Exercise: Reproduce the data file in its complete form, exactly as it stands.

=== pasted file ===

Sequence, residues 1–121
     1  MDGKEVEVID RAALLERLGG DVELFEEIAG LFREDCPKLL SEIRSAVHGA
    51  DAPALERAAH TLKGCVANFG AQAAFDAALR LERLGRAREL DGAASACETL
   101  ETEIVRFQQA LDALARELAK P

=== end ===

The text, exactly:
Sequence, residues 1–121
     1  MDGKEVEVID RAALLERLGG DVELFEEIAG LFREDCPKLL SEIRSAVHGA
    51  DAPALERAAH TLKGCVANFG AQAAFDAALR LERLGRAREL DGAASACETL
   101  ETEIVRFQQA LDALARELAK P